☞ (At the close of the revolution the war with this country was in the highest degree odious to the British nation, the strong current of public opinion for a season suppressed that spirit of intolerance and cupidity which had before & has since distinguished the conduct of her ministers. As early however as the year 1793, the french revolution furnished them with a pretext to adopt regulations which were calculated and had for their object the destruction of the trade of neutrals, of which ours was infinitely the most considerable, while the
States ^states^ of Europe were engaged in plan ^plans^ of mutual destruction, we were preserving a Strict & honest neutrality were progressing with a sure & ^steady^ step s to the highest pitch of national op pulence. That Spirit of hostility which had been smothered but not extinguished broke out afresh. That Jealousy of our rising prosperity which had always continued ^ all had never ceased to exhist^ became heedless and uncontrollable. From that period to the present notwithstanding the Mr Jays treaty every measure of the British cabinet towards this country has been marked by the most deep rooted hostility. Possessed of a naval supremacy which enabled her to enforce whatever mandates she might choose to adopt, she in that year entered into formal treaties with Russia, with Prussia Spain & Austria ^which were in terms^ to take any measures in their power to injure the Commerce of France, and under the pretence of effecting that, to prevent neutral powers not implicated in the war to give any protection whatever in consequence of their neutrality to the commerce or property of the French on the seas or in her ports, and ^but^ which were intended and in effect lead to the most unparalleled depredations on the extensive commerce we then enjoyed. The rigour in the decision of her prize Courts kept pace with the extension of her pretensions. The injustice of those pretensions & the unblushing tyranny with which they were enforced, roused a spirit of Indignation in this country which directed by the father of his country, in 1794 brought the British ministry, not to a sense of Justice, not to a disposition to cherish and preserve the friendly relations which were ^ thus^ formally restored to between the two countries but to a treaty with which no ^American^ man was < proof> well satisfyed, but which ^ however^ it was thought adviseable by that great & good man who then presided over the destinies of our country to accept, and to which nothing but the great weight & personal influence of Washington enforced ^alone enforced^ the acquiescence of the American people was imposed. ☞ (Bad as its provisions were they were ^however^ however of < least> that duration ^but temporary^, the truce produced by it was as short as it was unprofitable and dishonorable.
☞ (As early as the year 1798 by instructions to her armed vessels, regulations were established detrimental and embarrassing to the commerce of neutrals,
from which were & continued from that period interspersed with the Blockades of various ports, all distinguishd by a prominent disregard to the rights of neutrals, by an the most disgusting insolence arising from a conviction of her national ^naval^ superiority, untill January 1807, when by an order in councill she interdicted neutrals from the Coasting trade from one part of france to an other. And in the subsequent month of November by another sett of orders she declared " that all the ports & places of France and her allies or of any other country at war with his Majesty George the 3d and all other ports or places in Europe from which though not at war with his majesty the British flag is ^was^ excluded and all the places in the Colonies belonging to his majesties enemies, to be in a State of Blockade ^not by actual investment but^ in Virtue of that order, the same as if they were actually arrested, and compelling all neutrals bound to these countries to touch at English Ports & pay a Duty to the English Government for the privilege of traversing the great highway of nations or to be subjected to capture and condemnation.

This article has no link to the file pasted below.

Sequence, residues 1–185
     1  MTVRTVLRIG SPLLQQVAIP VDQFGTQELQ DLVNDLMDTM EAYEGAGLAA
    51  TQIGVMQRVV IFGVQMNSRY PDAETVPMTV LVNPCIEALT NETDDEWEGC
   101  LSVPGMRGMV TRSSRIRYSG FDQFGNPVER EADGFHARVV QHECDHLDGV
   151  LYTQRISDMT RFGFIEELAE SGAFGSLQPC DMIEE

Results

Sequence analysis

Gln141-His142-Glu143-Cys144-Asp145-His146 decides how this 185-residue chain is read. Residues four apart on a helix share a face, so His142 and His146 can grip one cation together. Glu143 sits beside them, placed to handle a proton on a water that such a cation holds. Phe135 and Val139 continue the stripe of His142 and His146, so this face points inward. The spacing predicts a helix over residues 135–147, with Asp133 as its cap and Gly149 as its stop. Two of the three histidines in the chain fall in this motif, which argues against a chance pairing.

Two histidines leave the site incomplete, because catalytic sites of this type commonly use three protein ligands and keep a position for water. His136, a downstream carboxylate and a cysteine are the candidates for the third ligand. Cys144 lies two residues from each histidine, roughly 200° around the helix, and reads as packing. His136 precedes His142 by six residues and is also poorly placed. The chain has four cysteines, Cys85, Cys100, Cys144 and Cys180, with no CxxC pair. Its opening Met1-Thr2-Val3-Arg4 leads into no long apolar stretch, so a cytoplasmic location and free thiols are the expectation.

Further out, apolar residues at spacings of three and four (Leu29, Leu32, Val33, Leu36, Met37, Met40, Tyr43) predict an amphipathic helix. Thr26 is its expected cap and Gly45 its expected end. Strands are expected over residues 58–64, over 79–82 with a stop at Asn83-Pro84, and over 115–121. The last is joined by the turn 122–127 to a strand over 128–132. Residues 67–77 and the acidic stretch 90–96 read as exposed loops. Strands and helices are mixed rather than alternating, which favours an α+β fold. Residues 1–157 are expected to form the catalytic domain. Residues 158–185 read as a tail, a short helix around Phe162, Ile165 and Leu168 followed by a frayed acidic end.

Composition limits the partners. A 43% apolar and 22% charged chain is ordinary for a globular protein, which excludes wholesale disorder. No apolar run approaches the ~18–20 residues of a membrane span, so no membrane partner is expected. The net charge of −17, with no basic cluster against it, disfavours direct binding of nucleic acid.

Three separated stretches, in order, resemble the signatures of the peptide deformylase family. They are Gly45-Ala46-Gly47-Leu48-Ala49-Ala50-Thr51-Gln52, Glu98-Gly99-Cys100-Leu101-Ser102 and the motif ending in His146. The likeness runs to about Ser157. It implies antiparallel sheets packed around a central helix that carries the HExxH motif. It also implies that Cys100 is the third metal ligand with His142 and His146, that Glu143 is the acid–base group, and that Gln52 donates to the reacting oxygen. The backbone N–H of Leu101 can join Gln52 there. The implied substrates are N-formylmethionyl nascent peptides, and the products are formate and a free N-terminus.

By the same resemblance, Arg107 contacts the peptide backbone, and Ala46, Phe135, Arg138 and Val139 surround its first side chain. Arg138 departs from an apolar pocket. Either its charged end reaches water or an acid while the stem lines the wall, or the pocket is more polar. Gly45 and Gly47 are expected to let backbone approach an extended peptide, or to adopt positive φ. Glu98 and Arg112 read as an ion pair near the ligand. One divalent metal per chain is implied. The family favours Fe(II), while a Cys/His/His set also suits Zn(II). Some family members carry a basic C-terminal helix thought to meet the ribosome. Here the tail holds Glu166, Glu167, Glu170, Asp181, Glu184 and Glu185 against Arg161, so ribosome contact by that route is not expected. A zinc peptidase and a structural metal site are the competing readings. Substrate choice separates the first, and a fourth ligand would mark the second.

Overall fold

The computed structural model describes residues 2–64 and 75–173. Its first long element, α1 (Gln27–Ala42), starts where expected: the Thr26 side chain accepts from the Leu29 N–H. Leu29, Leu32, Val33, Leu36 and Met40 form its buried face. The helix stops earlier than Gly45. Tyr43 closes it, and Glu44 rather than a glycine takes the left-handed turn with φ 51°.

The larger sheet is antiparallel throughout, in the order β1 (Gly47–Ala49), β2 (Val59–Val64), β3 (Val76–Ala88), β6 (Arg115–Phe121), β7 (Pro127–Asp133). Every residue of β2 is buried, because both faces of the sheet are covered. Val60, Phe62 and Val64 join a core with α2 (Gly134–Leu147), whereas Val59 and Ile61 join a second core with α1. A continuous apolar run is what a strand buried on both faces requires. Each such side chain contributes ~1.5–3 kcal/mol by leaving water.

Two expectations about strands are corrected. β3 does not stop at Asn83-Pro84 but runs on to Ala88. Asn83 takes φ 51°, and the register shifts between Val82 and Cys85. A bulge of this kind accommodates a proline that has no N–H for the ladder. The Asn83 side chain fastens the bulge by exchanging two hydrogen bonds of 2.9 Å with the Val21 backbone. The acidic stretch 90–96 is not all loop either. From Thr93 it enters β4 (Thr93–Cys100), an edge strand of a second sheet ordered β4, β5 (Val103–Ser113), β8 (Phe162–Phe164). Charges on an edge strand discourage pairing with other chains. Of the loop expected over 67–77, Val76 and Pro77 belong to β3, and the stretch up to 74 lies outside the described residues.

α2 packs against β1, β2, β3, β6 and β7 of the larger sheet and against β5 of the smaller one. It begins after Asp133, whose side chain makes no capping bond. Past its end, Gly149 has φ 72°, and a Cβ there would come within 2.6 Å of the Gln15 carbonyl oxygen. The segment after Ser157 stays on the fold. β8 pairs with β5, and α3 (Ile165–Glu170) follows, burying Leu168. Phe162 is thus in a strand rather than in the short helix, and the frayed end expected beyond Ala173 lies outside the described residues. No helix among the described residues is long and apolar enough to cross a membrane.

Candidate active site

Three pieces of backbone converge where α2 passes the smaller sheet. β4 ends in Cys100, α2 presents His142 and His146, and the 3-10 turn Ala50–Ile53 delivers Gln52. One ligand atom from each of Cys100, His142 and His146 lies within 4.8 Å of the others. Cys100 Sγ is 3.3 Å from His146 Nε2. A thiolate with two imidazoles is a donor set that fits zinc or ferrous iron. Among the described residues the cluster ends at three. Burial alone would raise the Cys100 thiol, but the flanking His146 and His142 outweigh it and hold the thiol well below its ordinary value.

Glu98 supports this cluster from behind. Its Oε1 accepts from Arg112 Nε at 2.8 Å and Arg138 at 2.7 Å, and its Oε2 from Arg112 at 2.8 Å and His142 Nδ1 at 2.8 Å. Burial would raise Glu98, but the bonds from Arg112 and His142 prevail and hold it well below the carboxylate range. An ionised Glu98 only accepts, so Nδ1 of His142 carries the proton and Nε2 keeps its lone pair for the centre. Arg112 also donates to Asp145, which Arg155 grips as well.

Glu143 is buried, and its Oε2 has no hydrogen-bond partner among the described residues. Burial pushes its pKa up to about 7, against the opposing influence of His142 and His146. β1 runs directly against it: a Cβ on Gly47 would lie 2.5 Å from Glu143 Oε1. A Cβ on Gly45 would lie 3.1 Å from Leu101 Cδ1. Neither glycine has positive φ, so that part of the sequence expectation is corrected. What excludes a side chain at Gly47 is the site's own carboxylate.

The flagrant iniquity and unhallowed tyranny of those orders beggar
s all comment. However they were sought to be extenuated by their authors & their adherents at the time, than wh in every part of the civilized world where they have been heard has put upon them the seal of condemnation. ^has been put upon them^ There is now no man who as it respects the rights of neutral nations dare attempt to Justify, or ^seek to^ palliate them The torch of threatened insurrection has lit the way to their abolition in the country in which they originated and every good man deplores deeply deplores the rude < rest> they have made in the Justice of the world by ^the latest posterity will point to the period of their adoption as the Eara from which to date the abolition of the law of nations.^
☞ ^by^ These orders we were
more aflicted than any & it ^as it^ was intended we should be more effected than any other nation. Nor were we backward in our expression of the feelings they produced, for so effectually was the fiend of party spirit silenced by their supreme iniquity, that in Decr 1809, the representatives of the american nation in Congress assembled, with unheard of unanimity, with < the> republican> but two exceptions, Resolved of least the < (*Gordon & Hogg) ^but two dissenting voices^ "Resolved, that the United States cannot ^could not^ without a sacrifice of their Rights, honor and Independence submit to the late Edicts of great Britain and to france."
Note. Gardner & Hogg
In whatever point of view the adoption of this resolution is considered it was of the first importance, and furnishes matter of